Biological Applications
Copyright © Microscopy Society of America 2008

Access options

Get access to the full version of this content by using one of the access options below. (Log in options will check for institutional or personal access. Content may require purchase if you do not have access.)



Baruchel, J., Lodini, A., Romanzetti, S., Rustichelli, F. & Scrivani, A. (2001). Phase-contrast imaging of thin biomaterials. Biomater 22, 15151520.Google Scholar
Beckmann, F., Bonse, U., Busch, F. & Günnewig, O. (1997). X-ray microtomography (μCT) using phase contrast for the investigation of organic matter. J Comput Assist Tomogr 21, 539553.Google Scholar
Cloetens, P., Barrett, R., Baruchel, J., Guigay, J.-P. & Schlenker, M. (1996a). Phase objects in synchrotron radiation hard X-ray imaging. J Phys D Appl Phys 29, 133146.Google Scholar
Cloetens, P., Ludwig, W., Baruchel, J., Guigay, J.-P., Pernot-Rejmánková, P., Salomé-Pateyron, M., Schlenker, M., Buffières, J.-Y., Maire, E. & Peix, G. (1996b). Hard X-ray phase imaging using simple propagation of a coherent synchrotron radiation beam. J Phys D Appl Phys 32, A145A151.Google Scholar
Cnudde, V., Bosselaers, J., Masschaele, B., Vlassenbroeck, J., Dierick, M., Van Hoorebeke, L. & Jacobs, P. (2006). Species description of fossil spiders supported by non-destructive high-resolution X-ray CT. Geophys Res Abs 8, 08351.Google Scholar
Dierick, M., Cnudde, V., Masschaele, B., Vlassenbroeck, J., Van Hoorebeke, L. & Jacobs, P. (2007). Micro-CT of fossils preserved in amber. Nucl Instrum Methods A 580, 641643.Google Scholar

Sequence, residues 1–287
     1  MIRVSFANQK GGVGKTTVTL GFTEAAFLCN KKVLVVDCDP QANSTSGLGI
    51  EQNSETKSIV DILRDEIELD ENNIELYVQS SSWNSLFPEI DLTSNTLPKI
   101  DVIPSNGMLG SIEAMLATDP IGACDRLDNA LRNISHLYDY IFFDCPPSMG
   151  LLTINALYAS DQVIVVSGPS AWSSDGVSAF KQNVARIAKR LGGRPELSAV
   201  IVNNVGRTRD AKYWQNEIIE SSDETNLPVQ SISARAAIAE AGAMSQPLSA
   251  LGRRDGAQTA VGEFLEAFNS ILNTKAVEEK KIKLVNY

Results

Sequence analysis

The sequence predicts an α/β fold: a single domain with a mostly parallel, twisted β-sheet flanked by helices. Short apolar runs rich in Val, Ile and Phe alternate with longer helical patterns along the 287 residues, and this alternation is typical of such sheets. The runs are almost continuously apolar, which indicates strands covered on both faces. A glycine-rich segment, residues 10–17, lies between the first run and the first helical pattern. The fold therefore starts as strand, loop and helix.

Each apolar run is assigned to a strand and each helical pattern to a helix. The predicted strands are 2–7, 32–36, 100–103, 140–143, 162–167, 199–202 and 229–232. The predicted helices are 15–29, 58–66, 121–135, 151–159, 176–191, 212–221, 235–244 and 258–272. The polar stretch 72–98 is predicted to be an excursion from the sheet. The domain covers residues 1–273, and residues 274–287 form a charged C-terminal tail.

Grimaldi, D., Nguyen, T. & Ketcham, R. (2000). Ultra-high-resolution X-ray computed tomography (UHR CT) and the study of fossils in amber. In Studies on Fossils in Amber, with Particular References to the Cretaceous of New Jersey, D. Grimaldi (Ed.), pp. 7791. Leiden, The Netherlands: Backhuys Publishers.Google Scholar
Henderickx, H., Cnudde, V., Masschaele, B., Dierick, M., Vlassenbroeck, J. & Van Hoorebeke, L. (2006). Description of a new fossil Pseudogarypus (Pseudoscorpiones: Pseudogarypidae) with the use of X-ray micro CT to penetrate opaque amber. Zootaxa 1305, 4150.Google Scholar
Hennig, W. (1971). Insektenfossilien aus der unteren Kreide. III. Empidiformia (“Microphorinae”) aus der unteren Kreide und aus dem Baltischen Bernstein; ein Vertreter der Cyclorrhapha aus der untere Kreide. Stuttgarter Beiträge zur Naturkunde (B) 232, 128.Google Scholar
Momose, A. (1995). Demonstration of phase-contrast X-ray computed tomography using an X-ray interferometer. Nucl Instrum Methods Phys Res A 352, 622628.Google Scholar